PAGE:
"Have you still got it transfigured into a needle?"

"Of course! I can't be carrying a spear around—"

"Did I suggest that? Take the needle out and let's see what it's reacting to."

She pulled out the steel knitting needle. The metal rod buzzed on her palm, and she carefully loosened her grip. It pulsed, spinning slowly like a compass needle. They paced the length of the showroom, heading in the direction it indicated, and it didn't occur to him until much later that he hadn't even thought twice before draping an arm casually across her shoulders, obscuring her from view. There was something contagious about her frenzied anticipation, and he found himself scrutinizing every artifact, even sharing her sighs of disappointment.

When the needle stopped flitting about and began glowing white, they found themselves before a glass-encased silver arrowhead, curved like an antler. It was unmistakably a prong of the trident. "Malfoy," she exclaimed, leaning into him, trilling with excitement. "This is it!"

His last holdout of skepticism waned and died under her bright grin. "We'll need a distraction," he decided. "There are too many witnesses around."

"What did you have in mind?" She peered at her wristwatch. "We've got to hurry. Our Portkeys are up in seven minutes."

"We'll have to time this perfectly." He waited until the crowd thinned and the lone guard was watching a school group, the only frazzled adult batting their grubby hands away from the artifacts. "Be ready to vanish the glass and run for the stairs."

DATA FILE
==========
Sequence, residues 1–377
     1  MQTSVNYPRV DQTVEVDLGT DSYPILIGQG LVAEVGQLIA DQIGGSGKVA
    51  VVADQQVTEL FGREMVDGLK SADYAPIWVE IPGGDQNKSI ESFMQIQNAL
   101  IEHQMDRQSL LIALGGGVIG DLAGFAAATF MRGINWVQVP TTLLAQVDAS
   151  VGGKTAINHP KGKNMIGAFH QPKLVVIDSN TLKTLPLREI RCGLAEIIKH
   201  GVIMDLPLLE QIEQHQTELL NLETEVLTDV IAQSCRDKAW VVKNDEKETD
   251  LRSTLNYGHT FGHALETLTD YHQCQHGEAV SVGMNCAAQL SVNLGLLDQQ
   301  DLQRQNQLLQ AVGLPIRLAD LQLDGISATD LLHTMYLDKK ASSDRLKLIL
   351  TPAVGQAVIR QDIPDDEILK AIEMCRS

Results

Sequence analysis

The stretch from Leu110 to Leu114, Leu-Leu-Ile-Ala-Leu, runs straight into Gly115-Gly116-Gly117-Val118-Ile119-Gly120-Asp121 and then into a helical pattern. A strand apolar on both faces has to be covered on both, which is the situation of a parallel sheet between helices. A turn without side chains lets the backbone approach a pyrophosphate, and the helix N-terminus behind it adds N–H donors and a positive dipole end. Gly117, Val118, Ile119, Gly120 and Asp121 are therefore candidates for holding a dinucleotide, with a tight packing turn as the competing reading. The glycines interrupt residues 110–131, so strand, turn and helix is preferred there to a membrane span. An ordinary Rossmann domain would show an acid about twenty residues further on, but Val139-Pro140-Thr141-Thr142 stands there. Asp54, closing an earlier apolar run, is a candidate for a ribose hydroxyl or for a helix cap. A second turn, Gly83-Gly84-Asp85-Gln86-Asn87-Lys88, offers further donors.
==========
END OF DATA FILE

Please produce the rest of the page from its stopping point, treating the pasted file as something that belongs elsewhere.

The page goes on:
Draco retrieved the bottomless string bag from his back-pocket. Drifting to the middle of the room, he Accioed his Hand of Glory and a satchel of Peruvian Instant Darkness Powder. Throwing it in the air, he aimed his wand at its center and shouted, "Look! Expulso!"

His satchel exploded, black powder splattering display cases and walls and the people unfortunate enough to heed his command, coating the room in darkness. He heard Granger say, "Evanesco! Okay, I've got it!"

The stunned silence was broken by screams and the stampeding of panicked feet. Clutching his Hand of Glory, he had no trouble darting through and finding Granger. He snatched the crook of her elbow, tugging her to the stairwell. "It's me!"

"What did you do?" she yelled.

"It's just darkness powder."

"Just—?" She flinched at the sound of shattering glass. "People are going to get hurt! Wait!" She jerked her arm out of his grasp, turned and cast a Whirlwind Charm. A violent gust of wind funneled into the room, swirling darkness powder into the air and scattering it against the ceiling. With another swish, she glued it to the concrete tiles.

"What's wrong with you—they can see us now!"

"That's the point!" she cried as they raced down the stairs, bypassing a dumbfounded guard running towards the screams.

Draco stuffed his Hand of Glory back into the bottomless bag. He heard an outcry behind them followed by thundering footsteps that sounded official and entirely too organized. He risked a backwards glance and saw three guards in pursuit, shouting incomprehensibly into black boxes the size of bricks. He pounded around the corner, sighting the door to their storeroom at the end of the hall. He pointed his wand over his shoulder and fired off spells to trip their pursuers. "Lapsio! Impedimenta!"

Granger wrenched the handle down and slammed into the storeroom. Heavy thuds echoed behind him as he dashed through the doorway. She kicked it shut and locked it. "Malfoy, the balloons!"

He ripped off the sheet they'd concealed their Portkeys under and thrust one at her. "That was too close, Granger," he sniped, hauling in air, wiping the sheen of sweat from his brow. "A minute later and we'd—"

Pressure hooked onto his insides and dragged him airborne. He exhaled tensely when they rematerialized in the bustling Floo chamber of the Egyptian Ministry, three steps from the counter where the balding proprietor asked cheerfully, "Have a good trip?"